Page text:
California regs may boil industry
Furniture Today Staff -- Furniture Today, August 19, 2013
I want you to recall the biology class you probably took back in high school. Specifically, think back to the class where you had to dissect a frog. When I do, I also remember our teacher telling us the old boiling frog story.
The story's point was that a frog placed in boiling water would immediately jump out. But placed in cold water that was slowly heated, the frog would not realize the imminent danger and boil to death.
What prompted that rather unpleasant memory from years ago was a discussion I had recently with some suppliers and retailers who are rightfully troubled by a number of threatening regulations, including California's Proposition 65 and a proposed federal formaldehyde rule.
Prop 65, originally written as the Safe Drinking Water and Toxic Enforcement Act, was as the name implies, meant to protect drinking water sources from chemical contamination - a very good idea.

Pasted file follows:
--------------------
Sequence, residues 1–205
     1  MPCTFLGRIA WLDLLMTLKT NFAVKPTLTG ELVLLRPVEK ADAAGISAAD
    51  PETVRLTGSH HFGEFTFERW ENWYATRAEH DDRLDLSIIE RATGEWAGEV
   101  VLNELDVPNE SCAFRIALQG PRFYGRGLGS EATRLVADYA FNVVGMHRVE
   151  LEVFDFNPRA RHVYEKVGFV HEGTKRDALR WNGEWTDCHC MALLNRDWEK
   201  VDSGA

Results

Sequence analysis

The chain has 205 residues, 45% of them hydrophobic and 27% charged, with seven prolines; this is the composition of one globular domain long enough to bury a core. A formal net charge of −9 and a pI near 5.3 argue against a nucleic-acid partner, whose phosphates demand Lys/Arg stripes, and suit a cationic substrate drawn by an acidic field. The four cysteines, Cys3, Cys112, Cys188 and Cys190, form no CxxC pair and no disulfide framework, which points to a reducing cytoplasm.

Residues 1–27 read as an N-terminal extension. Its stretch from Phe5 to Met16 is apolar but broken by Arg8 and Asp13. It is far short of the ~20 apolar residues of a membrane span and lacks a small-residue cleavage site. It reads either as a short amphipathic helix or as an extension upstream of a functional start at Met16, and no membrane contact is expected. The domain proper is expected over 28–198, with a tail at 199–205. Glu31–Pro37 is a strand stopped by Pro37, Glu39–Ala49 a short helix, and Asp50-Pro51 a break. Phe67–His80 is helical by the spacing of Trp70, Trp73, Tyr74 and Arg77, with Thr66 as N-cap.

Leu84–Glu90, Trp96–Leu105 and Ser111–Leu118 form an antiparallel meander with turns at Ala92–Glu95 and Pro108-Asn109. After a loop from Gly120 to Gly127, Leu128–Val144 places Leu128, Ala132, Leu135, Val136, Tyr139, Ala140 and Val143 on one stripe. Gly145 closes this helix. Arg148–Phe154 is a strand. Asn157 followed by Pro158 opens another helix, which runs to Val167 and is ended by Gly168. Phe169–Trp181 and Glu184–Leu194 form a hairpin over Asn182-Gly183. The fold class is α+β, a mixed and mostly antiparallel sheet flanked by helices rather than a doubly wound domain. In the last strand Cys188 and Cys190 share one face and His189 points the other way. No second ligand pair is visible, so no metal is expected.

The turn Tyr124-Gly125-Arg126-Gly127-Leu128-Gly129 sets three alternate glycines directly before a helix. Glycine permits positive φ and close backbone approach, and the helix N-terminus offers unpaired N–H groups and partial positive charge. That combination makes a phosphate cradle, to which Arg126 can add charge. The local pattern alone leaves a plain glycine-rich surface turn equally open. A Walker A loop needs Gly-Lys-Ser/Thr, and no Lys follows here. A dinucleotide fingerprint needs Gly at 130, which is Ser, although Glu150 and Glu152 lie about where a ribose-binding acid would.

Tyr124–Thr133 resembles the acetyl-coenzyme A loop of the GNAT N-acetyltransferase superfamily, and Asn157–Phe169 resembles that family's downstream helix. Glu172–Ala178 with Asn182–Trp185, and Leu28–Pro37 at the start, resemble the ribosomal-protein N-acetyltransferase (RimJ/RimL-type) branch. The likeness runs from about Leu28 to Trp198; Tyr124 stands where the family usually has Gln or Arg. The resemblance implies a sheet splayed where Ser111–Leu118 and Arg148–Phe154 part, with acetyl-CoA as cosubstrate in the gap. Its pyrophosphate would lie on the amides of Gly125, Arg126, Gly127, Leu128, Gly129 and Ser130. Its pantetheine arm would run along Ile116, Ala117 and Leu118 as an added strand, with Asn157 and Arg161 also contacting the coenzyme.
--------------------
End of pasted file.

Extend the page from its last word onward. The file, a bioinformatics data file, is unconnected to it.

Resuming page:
But over time, the scope of the law broadened to force suppliers to post warning labels on products that may contain more than 800 chemicals that California believes may be carcinogens or reproductive toxicants, including wood dust, brass and other everyday elements.
Ironically, that list includes a chemical that the state requires to be added to upholstery foams to make them more flame retardant.
Suppliers who sell to retailers who have stores in and outside of California have to attach these warning labels that essentially tell the consumer that the chair or sofa they are considering may cause cancer.
The second regulation, a proposed federal formaldehyde rule, will require furniture makers, both here and offshore, to be forced into what the American Home Furnishings Alliance says will be "unrealistic product-level certification systems that will require costly new equipment and specialized personnel."
AHFA also believes that left unchanged, the proposed rule, despite evidence that it does nothing to decrease formaldehyde emissions, will cost our industry hundreds of millions of dollars.
Let's not end up in the hot pot.